OKC Thunder: Jeremy Lamb is far from a defensive liability

Lamb's insertion into the rotation brings Oklahoma City an added dimension that it lacked during Kevin Martin's 27.7 minutes per game a year ago.
BY ANTHONY SLATER, Staff Writer, aslater@opubco.com Modified: October 22, 2013 at 10:00 am •  Published: October 21, 2013
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photo - Denver Nuggets guard Nate Robinson (10) shoots over Oklahoma City Thunder guard Jeremy Lamb (11) in the first quarter of a pre-season NBA basketball game in Oklahoma City, Tuesday, Oct. 15, 2013. Oklahoma City won 109-81. (AP Photo/Sue Ogrocki)
Denver Nuggets guard Nate Robinson (10) shoots over Oklahoma City Thunder guard Jeremy Lamb (11) in the first quarter of a pre-season NBA basketball game in Oklahoma City, Tuesday, Oct. 15, 2013. Oklahoma City won 109-81. (AP Photo/Sue Ogrocki)

Two minutes after entering last Tuesday's game against the Thunder, Nuggets point guard Andre Miller identified a matchup he liked.

His bulky, 6-foot-2, 200-pound body in the post against Jeremy Lamb's 6-foot-5, 185-pound wiry frame.

And over the next three possessions, the heady 15-year NBA veteran proceeded to take OKC's developing second-year two-guard to school.

In a span of 36 seconds on the game clock, Miller posted up Lamb three times. The result: five points and three quick fouls, concluding with an and-1 layup that sent Lamb to the bench.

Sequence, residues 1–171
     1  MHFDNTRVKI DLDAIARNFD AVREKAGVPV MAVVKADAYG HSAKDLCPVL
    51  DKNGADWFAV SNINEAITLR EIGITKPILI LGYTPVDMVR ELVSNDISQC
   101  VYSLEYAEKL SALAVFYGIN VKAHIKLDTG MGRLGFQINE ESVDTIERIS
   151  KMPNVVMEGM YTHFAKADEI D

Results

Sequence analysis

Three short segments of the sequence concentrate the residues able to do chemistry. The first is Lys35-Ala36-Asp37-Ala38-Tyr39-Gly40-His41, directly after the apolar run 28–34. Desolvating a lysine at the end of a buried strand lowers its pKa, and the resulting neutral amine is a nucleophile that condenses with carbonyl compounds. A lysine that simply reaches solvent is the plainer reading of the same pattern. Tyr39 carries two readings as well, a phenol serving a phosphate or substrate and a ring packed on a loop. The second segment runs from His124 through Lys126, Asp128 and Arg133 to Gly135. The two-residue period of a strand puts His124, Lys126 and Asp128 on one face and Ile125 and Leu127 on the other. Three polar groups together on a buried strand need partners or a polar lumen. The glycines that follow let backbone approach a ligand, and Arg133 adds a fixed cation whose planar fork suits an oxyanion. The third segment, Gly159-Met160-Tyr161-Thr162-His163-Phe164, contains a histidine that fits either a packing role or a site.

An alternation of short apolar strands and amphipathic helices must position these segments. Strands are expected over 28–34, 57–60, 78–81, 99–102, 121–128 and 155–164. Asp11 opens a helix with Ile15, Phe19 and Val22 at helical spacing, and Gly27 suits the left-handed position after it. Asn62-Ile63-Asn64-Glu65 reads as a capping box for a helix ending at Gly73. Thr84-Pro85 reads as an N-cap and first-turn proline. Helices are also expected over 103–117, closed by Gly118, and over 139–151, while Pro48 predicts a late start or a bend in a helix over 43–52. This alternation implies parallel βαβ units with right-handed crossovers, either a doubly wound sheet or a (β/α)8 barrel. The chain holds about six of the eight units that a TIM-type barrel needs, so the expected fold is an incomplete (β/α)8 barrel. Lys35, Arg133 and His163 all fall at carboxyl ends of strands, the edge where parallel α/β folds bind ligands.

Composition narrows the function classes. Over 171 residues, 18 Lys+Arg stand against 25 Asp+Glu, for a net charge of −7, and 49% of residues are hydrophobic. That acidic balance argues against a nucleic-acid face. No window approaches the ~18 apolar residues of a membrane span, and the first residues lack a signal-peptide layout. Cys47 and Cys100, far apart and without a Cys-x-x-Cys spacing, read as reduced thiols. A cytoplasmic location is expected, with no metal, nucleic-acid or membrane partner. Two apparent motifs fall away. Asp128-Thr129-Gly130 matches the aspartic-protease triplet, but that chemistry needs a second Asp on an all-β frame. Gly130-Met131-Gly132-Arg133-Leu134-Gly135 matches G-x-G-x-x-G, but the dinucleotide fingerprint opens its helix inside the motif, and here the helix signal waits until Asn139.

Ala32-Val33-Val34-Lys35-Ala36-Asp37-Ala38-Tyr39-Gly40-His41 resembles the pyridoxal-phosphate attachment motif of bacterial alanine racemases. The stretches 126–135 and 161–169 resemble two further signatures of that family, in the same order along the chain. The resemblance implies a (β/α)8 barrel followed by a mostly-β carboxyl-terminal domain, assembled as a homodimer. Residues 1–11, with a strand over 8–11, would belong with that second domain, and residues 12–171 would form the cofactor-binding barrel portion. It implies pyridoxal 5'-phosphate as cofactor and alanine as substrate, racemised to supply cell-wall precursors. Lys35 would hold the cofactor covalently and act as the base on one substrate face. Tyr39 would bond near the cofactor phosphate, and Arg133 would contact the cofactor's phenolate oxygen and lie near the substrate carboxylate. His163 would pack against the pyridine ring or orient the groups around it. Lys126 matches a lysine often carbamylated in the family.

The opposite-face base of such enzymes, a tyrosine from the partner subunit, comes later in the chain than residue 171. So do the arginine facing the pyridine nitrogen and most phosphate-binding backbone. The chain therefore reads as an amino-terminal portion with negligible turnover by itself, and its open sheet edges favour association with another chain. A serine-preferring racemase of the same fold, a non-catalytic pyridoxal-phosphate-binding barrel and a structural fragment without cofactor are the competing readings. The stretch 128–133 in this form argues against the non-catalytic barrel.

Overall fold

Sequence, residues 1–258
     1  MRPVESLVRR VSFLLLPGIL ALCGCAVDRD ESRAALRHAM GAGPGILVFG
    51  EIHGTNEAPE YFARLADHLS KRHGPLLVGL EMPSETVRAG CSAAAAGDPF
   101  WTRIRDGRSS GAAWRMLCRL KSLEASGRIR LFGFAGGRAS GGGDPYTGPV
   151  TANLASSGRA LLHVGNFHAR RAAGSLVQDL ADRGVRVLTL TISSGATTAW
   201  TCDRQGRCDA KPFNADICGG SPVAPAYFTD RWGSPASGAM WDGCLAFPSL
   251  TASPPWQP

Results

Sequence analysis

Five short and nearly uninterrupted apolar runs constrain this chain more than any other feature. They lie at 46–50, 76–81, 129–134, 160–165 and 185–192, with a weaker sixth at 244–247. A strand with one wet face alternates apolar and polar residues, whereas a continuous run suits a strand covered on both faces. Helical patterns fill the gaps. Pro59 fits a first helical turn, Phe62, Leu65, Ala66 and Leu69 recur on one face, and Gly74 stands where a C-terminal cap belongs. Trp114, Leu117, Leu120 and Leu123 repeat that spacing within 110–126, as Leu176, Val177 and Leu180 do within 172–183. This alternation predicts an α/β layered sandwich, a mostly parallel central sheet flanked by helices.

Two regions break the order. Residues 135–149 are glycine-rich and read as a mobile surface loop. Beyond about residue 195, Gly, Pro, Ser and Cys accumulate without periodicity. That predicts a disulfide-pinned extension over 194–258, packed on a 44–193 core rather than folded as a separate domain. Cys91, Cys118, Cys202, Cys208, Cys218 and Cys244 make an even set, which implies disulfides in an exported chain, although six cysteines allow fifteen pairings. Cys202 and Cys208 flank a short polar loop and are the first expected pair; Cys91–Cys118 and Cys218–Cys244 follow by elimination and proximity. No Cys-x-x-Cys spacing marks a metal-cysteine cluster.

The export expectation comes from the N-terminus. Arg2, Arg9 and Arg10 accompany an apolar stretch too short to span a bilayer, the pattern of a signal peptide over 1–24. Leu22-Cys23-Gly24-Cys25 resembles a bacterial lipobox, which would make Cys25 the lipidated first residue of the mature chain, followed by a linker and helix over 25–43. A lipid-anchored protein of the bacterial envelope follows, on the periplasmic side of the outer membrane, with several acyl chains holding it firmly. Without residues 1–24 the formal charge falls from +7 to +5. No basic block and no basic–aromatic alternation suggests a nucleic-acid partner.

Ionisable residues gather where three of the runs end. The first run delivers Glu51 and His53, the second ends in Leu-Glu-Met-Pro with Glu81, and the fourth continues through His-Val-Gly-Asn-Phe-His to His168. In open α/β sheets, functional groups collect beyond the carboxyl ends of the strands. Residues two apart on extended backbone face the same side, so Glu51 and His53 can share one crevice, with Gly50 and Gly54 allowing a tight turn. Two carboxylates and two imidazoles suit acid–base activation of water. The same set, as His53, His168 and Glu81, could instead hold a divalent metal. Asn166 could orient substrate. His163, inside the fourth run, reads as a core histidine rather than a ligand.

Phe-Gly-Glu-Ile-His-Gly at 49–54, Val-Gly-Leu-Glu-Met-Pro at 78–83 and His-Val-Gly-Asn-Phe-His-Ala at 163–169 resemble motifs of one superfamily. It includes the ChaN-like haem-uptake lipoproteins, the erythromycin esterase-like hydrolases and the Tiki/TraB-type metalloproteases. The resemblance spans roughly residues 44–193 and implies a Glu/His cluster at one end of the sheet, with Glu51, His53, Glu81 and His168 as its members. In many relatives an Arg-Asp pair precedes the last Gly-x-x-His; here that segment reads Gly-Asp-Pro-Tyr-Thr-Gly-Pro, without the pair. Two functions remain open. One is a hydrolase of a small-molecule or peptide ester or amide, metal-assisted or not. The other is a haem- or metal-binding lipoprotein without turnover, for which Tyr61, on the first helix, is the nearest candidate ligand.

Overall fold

“People probably will try to post me a little bit, but I'm not worried about it,” Lamb said. “I'm just going to work hard, try to get position, not allow them to catch the ball, little things like that.”

For the Thunder, that part of Lamb's defensive game could become a bit of a concern.

Even in preseason, teams seem set on exploiting his perceived lack of strength. On Sunday, when Lamb was planted on the 230-pound Richard Jefferson, Utah's veteran took him right to the low block.

After a quick pump fake got Lamb up in the air, Jefferson completed a crafty and-1, almost identical to the Miller play less than a week earlier.

“That's probably a pretty common thing among younger players,” Thunder coach Scott Brooks said. “They get tested … We're going to see (if he can defend bigger guards down there), because it's definitely going to happen.”

But despite that potential issue moving forward, Lamb is far from a complete defensive liability.

In fact, his insertion into the rotation brings the Thunder an added dimension on that end that they lacked during Kevin Martin's 27.7 minutes per game a year ago.

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